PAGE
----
When they first started to hash out local marijuana rules, Portland officials assumed that zoning and setback rules would limit the number of retail shops that could open in Maine’s biggest city.

But running the numbers gave officials a shock. More than 500 medical or adult-use stores could open in the city in areas set aside for marijuana retailers, even after they spaced them at least 250 feet apart and 500 feet from schools.

“Our concern is people flood the market, and the market not being able to support all of the retail stores, and we lose retail stores in large chunks each year,” city attorney Anne Torregrossa said. “That’s not good for the industry, not good for the city.”

To protect the market, and the city economy, the city staff is proposing to cap retail marijuana store licenses at 20, which would be awarded to qualified recreational or medical stores on a first-come, first served basis.

The city’s only state-licensed medical marijuana dispensary, Wellness Connection, would not count against that total number, unless it seeks a city license to open a second adult-use location in Portland.

Torregrossa said small medical marijuana caregiver operations – the kind so small, and so discreet, that you don’t even know they’re there, she said – would not count, but existing medical caregiver shops would, and would have to seek a city license.


That will come as a shock to the handful of medical retail shops that state-licensed caregivers have opened in Portland in the last year believing they obtained all of the city permits needed to open, including certificates of occupancy.

Torregrossa told members of the City Council’s economic development and health and human services committees on Tuesday that she expected a lot of feedback on the staff’s decision to settle on a 20-store cap, as well as its other proposed rules.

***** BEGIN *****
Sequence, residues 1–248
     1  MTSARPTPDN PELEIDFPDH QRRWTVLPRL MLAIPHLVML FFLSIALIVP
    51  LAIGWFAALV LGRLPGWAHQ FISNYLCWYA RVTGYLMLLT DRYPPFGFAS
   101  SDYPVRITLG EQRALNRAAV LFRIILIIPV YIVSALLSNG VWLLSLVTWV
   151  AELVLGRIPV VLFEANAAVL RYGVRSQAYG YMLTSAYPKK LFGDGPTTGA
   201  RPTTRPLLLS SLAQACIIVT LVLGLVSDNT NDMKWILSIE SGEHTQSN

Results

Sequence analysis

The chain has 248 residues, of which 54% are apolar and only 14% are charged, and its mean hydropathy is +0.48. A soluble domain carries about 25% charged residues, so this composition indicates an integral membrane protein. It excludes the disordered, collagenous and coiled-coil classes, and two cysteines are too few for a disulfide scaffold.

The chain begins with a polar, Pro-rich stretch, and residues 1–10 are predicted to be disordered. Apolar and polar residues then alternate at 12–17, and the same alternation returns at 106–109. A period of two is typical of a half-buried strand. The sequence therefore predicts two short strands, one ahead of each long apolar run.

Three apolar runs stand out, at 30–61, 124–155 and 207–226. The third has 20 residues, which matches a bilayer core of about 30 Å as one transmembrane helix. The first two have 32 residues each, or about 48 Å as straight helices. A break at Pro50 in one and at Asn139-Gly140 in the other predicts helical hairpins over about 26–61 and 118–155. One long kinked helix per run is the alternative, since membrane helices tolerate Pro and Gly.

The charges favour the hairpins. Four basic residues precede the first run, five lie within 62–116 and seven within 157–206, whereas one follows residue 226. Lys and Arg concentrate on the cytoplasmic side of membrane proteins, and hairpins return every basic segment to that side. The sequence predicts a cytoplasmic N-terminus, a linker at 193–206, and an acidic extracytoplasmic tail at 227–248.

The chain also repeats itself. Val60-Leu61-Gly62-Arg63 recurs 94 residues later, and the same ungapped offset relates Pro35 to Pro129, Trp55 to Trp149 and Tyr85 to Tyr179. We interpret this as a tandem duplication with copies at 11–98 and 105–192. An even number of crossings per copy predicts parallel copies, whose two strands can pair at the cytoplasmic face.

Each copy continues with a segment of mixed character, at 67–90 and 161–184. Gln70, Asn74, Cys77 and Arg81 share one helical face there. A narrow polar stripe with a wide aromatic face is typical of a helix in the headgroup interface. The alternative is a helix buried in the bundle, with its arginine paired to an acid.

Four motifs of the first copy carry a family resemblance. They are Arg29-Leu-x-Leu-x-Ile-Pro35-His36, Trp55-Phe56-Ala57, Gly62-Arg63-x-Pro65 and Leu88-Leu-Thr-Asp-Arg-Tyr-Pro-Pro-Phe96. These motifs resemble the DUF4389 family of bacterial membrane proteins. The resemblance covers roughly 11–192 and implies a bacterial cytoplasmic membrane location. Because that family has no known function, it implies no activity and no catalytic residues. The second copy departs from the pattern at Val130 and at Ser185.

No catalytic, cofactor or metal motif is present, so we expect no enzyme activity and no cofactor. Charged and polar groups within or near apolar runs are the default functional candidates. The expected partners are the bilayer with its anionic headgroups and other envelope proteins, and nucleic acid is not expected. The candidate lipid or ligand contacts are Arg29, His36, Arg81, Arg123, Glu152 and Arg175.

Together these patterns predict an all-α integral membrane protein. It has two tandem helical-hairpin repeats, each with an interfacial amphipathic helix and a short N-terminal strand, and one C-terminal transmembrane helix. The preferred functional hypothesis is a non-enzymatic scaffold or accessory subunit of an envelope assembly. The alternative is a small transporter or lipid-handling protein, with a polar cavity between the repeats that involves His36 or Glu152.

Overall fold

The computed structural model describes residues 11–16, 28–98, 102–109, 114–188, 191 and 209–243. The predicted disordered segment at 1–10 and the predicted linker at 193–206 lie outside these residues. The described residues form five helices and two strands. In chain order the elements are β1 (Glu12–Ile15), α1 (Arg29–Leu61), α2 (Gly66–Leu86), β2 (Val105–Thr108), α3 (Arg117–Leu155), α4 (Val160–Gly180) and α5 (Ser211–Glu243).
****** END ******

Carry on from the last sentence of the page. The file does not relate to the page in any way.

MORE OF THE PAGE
“Twenty is not a magic number. I expect there will be a lot of conversations around what that number should be,” she said. “Our goal is to find a number our market will support, that is fair to industry and that is fair to the city.”

Some councilors who attended the workshop expressed reservations about the cap, and the first-come, first-served method of awarding licenses, worried it could shut out local or minority applicants and favor the quick over the highly qualified.

Councilor Brian Batson dismissed Torregrossa’s 500-shop scenario as unrealistic.

“I am not sure how I feel about the cap,” Batson said. “What we have in front of us is a lot of factors that limit the market, from landlord approvals to zoning to proximity to fees. We have some pretty restrictive requirements.”

Portland doesn’t limit the number of local liquor licenses, Batson said. But the city can’t be expected to treat marijuana, an emerging industry, like it does alcohol, an established industry, now, Torregrossa said.

The two council committees sent the proposed rules back to staff for more research, especially around the areas of how other cities of similar size have handled a retailer cap and license distribution, with plans to meet again in a few weeks.

City staff said the city hopes it can be ready to award licenses at the same time that Maine’s Office of Marijuana Policy does, or shortly thereafter. State officials plan to begin accepting license applications in the fall, with retail sales to begin in March 2020.

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